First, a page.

The Last Exorcism came out this past weekend, and facing zero competition, made a lot of money. The movie’s scary. I mean, go watch it, it’s scary, no doubt. It was produced by Eli Roth, and the man knows what he’s doing. He’s got the vocabulary of scary movies down pat. In fact, for all the crap he got about ushering in what we all delighted in calling torture porn, Hostel made it clear that Roth understands that horror stems from patient build-up and character moments. All great horror exists in what we don’t see as much as what we see, in that creeping feeling and in your imagination.
That’s the push pull of scary movies. Ground the world through solid character and real emotional situations. Generate expectations as to what might be lurking around every corner. And then, when you least expect it, you show something scary. In the best cases, the scary thing flows out of themes and emotional extremes that have been built up from the word go. That’s what great genre fiction does: turn emotional dynamics into metaphors.
Or at least that’s what goes on at the heart of this week’s case in point: 1973’s The Exorcist.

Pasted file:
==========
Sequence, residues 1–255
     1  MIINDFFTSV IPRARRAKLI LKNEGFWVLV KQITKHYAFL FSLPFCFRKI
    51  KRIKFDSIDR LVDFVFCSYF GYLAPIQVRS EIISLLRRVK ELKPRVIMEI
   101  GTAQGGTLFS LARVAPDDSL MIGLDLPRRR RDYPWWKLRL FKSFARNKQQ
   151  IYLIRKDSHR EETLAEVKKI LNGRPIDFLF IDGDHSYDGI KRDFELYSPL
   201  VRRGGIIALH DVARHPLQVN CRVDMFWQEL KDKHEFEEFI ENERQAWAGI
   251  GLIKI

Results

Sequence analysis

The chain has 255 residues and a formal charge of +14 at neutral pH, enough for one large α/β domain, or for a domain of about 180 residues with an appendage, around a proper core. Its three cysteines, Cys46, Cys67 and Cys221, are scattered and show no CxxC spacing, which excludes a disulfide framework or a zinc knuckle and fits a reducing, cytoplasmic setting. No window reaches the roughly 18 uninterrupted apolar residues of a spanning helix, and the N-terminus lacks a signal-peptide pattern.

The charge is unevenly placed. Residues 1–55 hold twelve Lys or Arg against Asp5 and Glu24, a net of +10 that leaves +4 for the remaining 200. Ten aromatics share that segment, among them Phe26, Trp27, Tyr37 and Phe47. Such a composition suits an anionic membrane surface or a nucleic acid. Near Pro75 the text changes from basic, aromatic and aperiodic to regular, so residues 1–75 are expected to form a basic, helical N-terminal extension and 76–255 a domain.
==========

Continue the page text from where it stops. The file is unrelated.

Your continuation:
Some topics demand a certain theme, and exorcism movies tend to be about a crisis of faith. The tagline for The Last Exorcism is “If you believe in God, you must believe in the Devil.” For Father Damien Karras in The Exorcist, that notion’s flipped. Karras is a psychiatrist and priest whose faith falters while dealing with his mother’s terminal illness. He has lost faith in God, in himself, and in his life. It is only when he’s confronted with a girl possessed by the Devil that he begins to find he must admit God back into his life. It’s a terrible paradox that leads Karras to a terrible decision.
William Peter Blatty wanted someone to bring a kind of grounded energy to The Exorcist and so he brought in William Friedkin, fresh off The French Connection, to direct this tidy little movie about faith. Bleaty wrote the book on which the movie was based, so he should know a thing or two about tone. Friedkin’s a legendary madman. On set he would smack actors upside the head and randomly shoot guns off into the air just to get the right take. He also built the bedroom set inside of a freezer to make the actor’s breath visible and, presumably, to make them even more uncomfortable.
A lot has been written about the metaphors in The Exorcist with regards to puberty, mother/daughter relationships, and there’s no denying that’s there. But I think for a movie coming out of the early 1970s, during the great ramp up to America’s loss of faith, when evil appeared everywhere, including the white house, it’s the notion that only this darkness pouring out of a little girl could offer faith to an intellectual that sends thematic shivers up people’s spines. At least when it was released in 1973.
However you cut it, I dare you to watch the movie alone in the dark.
Next week: are there still conspiracies in the world?